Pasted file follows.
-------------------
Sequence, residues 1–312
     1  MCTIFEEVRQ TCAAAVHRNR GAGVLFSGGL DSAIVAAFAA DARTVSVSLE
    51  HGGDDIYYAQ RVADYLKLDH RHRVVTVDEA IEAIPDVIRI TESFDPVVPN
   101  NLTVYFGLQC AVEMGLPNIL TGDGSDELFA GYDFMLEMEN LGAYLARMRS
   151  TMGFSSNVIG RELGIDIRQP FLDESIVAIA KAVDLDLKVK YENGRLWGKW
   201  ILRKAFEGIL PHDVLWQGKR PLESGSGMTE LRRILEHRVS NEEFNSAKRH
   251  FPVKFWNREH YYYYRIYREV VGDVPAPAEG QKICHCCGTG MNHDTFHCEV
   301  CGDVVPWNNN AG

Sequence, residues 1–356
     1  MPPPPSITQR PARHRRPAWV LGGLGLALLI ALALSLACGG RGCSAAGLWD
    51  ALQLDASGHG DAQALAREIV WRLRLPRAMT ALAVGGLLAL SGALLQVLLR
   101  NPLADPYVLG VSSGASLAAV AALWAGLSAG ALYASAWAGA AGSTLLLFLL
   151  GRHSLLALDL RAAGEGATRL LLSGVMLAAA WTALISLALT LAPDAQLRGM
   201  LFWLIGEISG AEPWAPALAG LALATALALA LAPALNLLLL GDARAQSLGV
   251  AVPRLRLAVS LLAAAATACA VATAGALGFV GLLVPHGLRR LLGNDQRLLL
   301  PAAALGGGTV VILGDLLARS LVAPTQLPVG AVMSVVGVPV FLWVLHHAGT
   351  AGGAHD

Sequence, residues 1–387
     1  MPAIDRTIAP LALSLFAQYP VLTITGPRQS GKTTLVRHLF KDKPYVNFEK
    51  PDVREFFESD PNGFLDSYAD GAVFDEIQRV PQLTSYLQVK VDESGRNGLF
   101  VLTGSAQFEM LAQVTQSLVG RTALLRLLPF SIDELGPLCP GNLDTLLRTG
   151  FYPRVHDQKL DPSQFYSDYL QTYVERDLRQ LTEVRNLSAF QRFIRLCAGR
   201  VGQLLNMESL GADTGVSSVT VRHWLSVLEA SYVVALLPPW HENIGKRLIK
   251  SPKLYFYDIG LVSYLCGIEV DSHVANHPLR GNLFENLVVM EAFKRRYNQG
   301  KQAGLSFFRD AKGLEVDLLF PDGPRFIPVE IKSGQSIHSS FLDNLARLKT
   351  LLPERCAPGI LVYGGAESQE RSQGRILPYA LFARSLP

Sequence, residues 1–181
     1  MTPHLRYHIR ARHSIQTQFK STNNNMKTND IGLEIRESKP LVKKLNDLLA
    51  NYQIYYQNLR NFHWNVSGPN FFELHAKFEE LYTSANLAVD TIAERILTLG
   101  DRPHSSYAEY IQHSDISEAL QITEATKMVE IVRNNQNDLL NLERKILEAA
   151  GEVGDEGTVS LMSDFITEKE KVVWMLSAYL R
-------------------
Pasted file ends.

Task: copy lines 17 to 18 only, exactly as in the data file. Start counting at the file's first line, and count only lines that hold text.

   351  AGGAHD

Sequence, residues 1–387